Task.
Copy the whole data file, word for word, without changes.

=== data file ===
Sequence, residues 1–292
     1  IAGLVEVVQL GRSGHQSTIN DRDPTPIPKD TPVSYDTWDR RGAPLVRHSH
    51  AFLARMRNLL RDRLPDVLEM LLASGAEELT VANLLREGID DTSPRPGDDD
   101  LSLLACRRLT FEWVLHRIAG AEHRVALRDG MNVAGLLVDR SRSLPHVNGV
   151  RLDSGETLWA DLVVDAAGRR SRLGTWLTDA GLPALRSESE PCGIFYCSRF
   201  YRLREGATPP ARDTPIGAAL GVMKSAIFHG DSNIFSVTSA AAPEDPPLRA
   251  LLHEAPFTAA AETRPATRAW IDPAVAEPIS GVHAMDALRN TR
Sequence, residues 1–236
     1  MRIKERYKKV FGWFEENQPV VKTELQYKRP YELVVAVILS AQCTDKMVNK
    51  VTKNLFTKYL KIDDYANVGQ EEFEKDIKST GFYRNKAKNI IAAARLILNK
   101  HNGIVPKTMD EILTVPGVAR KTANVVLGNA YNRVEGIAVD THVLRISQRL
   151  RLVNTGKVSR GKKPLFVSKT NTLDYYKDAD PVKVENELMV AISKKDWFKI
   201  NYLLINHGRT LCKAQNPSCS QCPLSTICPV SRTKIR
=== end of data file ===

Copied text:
Sequence, residues 1–292
     1  IAGLVEVVQL GRSGHQSTIN DRDPTPIPKD TPVSYDTWDR RGAPLVRHSH
    51  AFLARMRNLL RDRLPDVLEM LLASGAEELT VANLLREGID DTSPRPGDDD
   101  LSLLACRRLT FEWVLHRIAG AEHRVALRDG MNVAGLLVDR SRSLPHVNGV
   151  RLDSGETLWA DLVVDAAGRR SRLGTWLTDA GLPALRSESE PCGIFYCSRF
   201  YRLREGATPP ARDTPIGAAL GVMKSAIFHG DSNIFSVTSA AAPEDPPLRA
   251  LLHEAPFTAA AETRPATRAW IDPAVAEPIS GVHAMDALRN TR
Sequence, residues 1–236
     1  MRIKERYKKV FGWFEENQPV VKTELQYKRP YELVVAVILS AQCTDKMVNK
    51  VTKNLFTKYL KIDDYANVGQ EEFEKDIKST GFYRNKAKNI IAAARLILNK
   101  HNGIVPKTMD EILTVPGVAR KTANVVLGNA YNRVEGIAVD THVLRISQRL
   151  RLVNTGKVSR GKKPLFVSKT NTLDYYKDAD PVKVENELMV AISKKDWFKI
   201  NYLLINHGRT LCKAQNPSCS QCPLSTICPV SRTKIR